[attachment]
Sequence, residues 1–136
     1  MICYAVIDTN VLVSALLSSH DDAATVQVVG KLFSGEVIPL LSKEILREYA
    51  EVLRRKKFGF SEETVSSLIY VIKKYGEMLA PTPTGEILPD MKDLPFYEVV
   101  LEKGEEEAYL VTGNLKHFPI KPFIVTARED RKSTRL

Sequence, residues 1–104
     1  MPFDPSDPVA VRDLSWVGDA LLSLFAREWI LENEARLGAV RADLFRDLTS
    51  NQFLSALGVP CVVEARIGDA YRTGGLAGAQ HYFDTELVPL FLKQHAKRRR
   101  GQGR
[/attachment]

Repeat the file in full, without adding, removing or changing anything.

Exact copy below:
Sequence, residues 1–136
     1  MICYAVIDTN VLVSALLSSH DDAATVQVVG KLFSGEVIPL LSKEILREYA
    51  EVLRRKKFGF SEETVSSLIY VIKKYGEMLA PTPTGEILPD MKDLPFYEVV
   101  LEKGEEEAYL VTGNLKHFPI KPFIVTARED RKSTRL

Sequence, residues 1–104
     1  MPFDPSDPVA VRDLSWVGDA LLSLFAREWI LENEARLGAV RADLFRDLTS
    51  NQFLSALGVP CVVEARIGDA YRTGGLAGAQ HYFDTELVPL FLKQHAKRRR
   101  GQGR